A battle of nerves
By Anthony Gunn
Accepting your interview jitters is the first step to overcoming them, writes Anthony Gunn.
Many people risk failing job interviews because of nerves, while others stay in jobs they don't like simply because they fear job interviews.
Neither situation need apply to you. Knowing how to manage interview nerves, as well as how to refine your social skills, will give you the edge in the job market.
Have you ever waited outside an office for your name to be called for a job interview and noticed your body begin to show signs of nervousness, such as a racing heart, shaking and/or sweating, a dry mouth, weak bladder, racing thoughts or your mind turning to mush?
We suffer from interview nerves because of our major fear - rejection by others. Psychologists have found that fear of rejection, social fear, is even greater than fear of dying. Why? In one word: survival. Fear of rejection has been passed down from our early ancestors because being kicked out of the clan meant certain death.
Death caused by rejection in a job interview may not apply today but fear of rejection — like the fear many people have of snakes, spiders, deep water or heights — is programmed into our brains for protection. Accepting your nerves, instead of fighting them, is the first step towards managing jitters.
Myth 1: only weak people feel interview nerves.
We all feel social fear. Nervousness is a natural response to the potential unknown associated with job interviews. You're competing with other applicants for the job.
World-class athletes aren't immune from competition nerves, so don't expect yourself to be either.
Myth 2: successful people ignore their interview nerves.
Trying to ignore your nerves altogether only makes social fear worse. Why? You can't get rid of fear, so the more you try the more you fail, which in turn increases fear.
You might think, "The interviewer has seen me sweat and now knows I'm nervous — ARGHH!"Accepting that nervousness is normal takes away much of the sting. Try it.
Myth 3: having no nerves shows you really want the job.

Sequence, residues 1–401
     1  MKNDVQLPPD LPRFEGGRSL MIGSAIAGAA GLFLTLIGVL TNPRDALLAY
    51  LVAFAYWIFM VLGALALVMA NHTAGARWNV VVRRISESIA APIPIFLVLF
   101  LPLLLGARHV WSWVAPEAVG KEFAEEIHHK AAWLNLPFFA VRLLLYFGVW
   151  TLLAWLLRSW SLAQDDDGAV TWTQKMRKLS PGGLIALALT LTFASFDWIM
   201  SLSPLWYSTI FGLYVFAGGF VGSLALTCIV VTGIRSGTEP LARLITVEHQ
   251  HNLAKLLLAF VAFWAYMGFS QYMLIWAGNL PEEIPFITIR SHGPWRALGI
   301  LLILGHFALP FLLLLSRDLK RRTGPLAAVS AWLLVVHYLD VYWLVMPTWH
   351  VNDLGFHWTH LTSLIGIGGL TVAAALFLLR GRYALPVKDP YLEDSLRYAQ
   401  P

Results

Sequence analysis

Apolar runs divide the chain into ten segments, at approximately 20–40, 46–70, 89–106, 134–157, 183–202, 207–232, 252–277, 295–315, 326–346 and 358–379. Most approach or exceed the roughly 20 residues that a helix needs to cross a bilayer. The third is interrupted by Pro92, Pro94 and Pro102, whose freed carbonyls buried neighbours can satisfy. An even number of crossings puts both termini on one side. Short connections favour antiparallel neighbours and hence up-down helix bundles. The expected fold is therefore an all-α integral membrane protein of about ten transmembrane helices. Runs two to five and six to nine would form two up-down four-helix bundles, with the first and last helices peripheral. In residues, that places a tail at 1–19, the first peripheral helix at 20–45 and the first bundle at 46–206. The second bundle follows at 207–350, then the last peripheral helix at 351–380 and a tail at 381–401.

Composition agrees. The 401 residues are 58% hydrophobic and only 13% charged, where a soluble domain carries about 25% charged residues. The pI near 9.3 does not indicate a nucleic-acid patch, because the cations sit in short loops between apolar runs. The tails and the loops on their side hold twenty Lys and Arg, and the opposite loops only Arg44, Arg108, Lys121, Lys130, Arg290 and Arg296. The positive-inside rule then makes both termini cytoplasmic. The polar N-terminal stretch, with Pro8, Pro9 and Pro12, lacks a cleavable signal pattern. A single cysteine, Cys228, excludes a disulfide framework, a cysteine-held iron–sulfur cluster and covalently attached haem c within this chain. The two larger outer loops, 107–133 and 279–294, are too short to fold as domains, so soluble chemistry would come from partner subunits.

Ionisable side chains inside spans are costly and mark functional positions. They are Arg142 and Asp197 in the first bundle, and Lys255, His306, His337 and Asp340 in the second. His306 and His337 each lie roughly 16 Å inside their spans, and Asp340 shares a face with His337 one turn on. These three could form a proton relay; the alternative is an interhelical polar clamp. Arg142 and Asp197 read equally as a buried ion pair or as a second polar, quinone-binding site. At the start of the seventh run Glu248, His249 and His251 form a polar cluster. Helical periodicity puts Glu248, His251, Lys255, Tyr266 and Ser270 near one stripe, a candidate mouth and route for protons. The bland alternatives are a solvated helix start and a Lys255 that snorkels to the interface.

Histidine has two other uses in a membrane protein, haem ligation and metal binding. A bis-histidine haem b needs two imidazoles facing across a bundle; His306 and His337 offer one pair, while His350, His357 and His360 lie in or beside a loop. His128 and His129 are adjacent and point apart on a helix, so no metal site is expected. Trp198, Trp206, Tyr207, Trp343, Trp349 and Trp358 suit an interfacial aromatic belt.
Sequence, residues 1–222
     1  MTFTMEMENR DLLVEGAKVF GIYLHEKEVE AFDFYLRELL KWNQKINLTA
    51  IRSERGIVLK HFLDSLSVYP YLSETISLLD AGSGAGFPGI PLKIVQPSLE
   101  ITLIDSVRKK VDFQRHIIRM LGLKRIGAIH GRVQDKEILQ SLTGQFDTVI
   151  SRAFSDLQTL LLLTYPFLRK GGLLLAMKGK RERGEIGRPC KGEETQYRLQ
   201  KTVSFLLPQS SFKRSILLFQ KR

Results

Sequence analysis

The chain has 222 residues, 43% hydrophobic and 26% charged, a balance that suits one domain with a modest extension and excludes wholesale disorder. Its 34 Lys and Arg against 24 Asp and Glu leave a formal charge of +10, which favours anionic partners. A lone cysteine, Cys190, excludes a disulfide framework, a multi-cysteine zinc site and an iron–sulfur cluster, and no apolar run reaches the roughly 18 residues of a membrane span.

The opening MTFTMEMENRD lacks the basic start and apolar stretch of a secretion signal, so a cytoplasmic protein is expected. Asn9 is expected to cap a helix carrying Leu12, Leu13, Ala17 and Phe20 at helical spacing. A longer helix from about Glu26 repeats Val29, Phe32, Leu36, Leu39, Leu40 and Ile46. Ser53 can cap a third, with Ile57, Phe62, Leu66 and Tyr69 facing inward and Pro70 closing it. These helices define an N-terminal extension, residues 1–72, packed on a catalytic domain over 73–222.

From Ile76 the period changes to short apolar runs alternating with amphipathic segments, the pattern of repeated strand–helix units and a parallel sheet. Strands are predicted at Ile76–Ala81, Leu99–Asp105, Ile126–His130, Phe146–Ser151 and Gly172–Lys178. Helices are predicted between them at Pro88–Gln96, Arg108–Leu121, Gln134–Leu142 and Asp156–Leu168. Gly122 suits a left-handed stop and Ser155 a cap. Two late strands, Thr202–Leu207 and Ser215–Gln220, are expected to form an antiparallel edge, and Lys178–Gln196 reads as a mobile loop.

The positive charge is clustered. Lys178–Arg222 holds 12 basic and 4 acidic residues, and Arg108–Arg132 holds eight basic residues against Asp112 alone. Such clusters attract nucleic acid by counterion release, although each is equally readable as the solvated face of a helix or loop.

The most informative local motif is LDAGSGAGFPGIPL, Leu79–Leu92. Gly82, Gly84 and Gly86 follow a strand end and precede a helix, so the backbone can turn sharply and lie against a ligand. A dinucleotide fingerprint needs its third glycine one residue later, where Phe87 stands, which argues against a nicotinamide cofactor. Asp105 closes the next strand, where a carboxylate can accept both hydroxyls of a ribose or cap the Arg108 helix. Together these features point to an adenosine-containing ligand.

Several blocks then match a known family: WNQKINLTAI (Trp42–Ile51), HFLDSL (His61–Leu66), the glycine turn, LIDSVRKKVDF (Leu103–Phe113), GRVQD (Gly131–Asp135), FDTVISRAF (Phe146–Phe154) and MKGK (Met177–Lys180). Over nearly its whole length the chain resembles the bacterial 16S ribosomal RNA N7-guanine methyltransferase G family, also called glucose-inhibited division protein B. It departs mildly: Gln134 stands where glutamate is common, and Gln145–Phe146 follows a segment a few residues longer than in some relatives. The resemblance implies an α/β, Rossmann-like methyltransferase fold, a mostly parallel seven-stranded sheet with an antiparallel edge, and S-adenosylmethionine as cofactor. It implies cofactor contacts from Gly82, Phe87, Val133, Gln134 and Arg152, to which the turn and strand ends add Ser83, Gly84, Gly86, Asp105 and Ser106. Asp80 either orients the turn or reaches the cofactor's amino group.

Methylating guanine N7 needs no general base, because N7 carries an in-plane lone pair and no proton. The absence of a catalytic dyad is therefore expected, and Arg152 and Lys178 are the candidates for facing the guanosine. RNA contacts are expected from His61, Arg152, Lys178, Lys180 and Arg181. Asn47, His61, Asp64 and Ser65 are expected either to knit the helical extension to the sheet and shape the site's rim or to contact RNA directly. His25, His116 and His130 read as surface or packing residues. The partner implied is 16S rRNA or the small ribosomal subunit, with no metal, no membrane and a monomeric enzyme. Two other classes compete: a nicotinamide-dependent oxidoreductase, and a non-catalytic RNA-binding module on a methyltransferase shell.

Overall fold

People who don't feel any nerves before a job interview (provided they are telling the truth) are highlighting the potential warning sign that they don't care much about the job anyway, or the attitude that "This job's just a stepping stone until I find the right one".
It's like watching a match with two teams you don't care much for, compared with a final that features your favourite team. If you're passionate about the job, feeling nerves is normal. Not feeling nerves before an interview usually signals your heart isn't in the job.
WHO IS MOST AT RISK?
The person who is extremely worried about coming across as perfect and not showing any sign of nerves will be at the greatest risk of interview nerves.
Why? As explained earlier, you can't get rid of social fear, so the more you try, the worse it gets. Common ways social fear affects people in job interviews include: speaking too quickly, too quietly or too much; avoiding eye contact; tripping over words; using defensive and/or withdrawn body language; and expecting failure before the interview even starts.
REFINE YOUR SOCIAL SKILLS
Along with accepting your nerves as normal instead of fighting them, the key to increasing your success with job interviews is to refine your social skills.
Research shows that the better a person's social skills, the more likeable they are seen to be. Your likeability will unconsciously influence an interviewer and help you stand out from the crowd.
Anthony Gunn is a psychologist and anxiety specialist. His book Be Confident (Penguin, $16.95) is out now. fearispower.com.au.
TIPS FOR REFINING YOUR SOCIAL SKILLS
- Deep breathing prevents the mind going blank by increasing blood flow to the rational thinking parts of the brain and takes blood away from the brain's fear centre.
- Smile. Research shows that people who smile are seen as more trustworthy and likeable. Note: an authentic smile involves a wrinkling of the skin around the outer parts of the eyes, whereas a fake smile does not use these eye muscles.
- Accept your nerves as your body's way of making you perform at your best.
- Listen twice as much as you speak. Show interest in the organisation by asking questions about the company and the role instead of talking just about yourself.
- Rehearse the interview. Where possible, have a friend interview you and video it. Practice gets you used to feeling nerves, which gives back control. By accepting your nerves as normal and refining your social skills, you'll maximise your chances of success in your next job interview. Keep trying — practice makes perfect.
Published: 10 September 2011
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